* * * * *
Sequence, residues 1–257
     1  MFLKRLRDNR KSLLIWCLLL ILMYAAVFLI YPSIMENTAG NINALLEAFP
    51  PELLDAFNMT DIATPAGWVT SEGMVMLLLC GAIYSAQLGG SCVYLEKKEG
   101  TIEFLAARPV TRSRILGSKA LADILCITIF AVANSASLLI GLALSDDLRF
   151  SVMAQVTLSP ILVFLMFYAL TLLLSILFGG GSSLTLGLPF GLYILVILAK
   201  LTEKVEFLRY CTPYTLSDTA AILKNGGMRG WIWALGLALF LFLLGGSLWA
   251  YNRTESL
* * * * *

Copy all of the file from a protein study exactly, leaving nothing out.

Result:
Sequence, residues 1–257
     1  MFLKRLRDNR KSLLIWCLLL ILMYAAVFLI YPSIMENTAG NINALLEAFP
    51  PELLDAFNMT DIATPAGWVT SEGMVMLLLC GAIYSAQLGG SCVYLEKKEG
   101  TIEFLAARPV TRSRILGSKA LADILCITIF AVANSASLLI GLALSDDLRF
   151  SVMAQVTLSP ILVFLMFYAL TLLLSILFGG GSSLTLGLPF GLYILVILAK
   201  LTEKVEFLRY CTPYTLSDTA AILKNGGMRG WIWALGLALF LFLLGGSLWA
   251  YNRTESL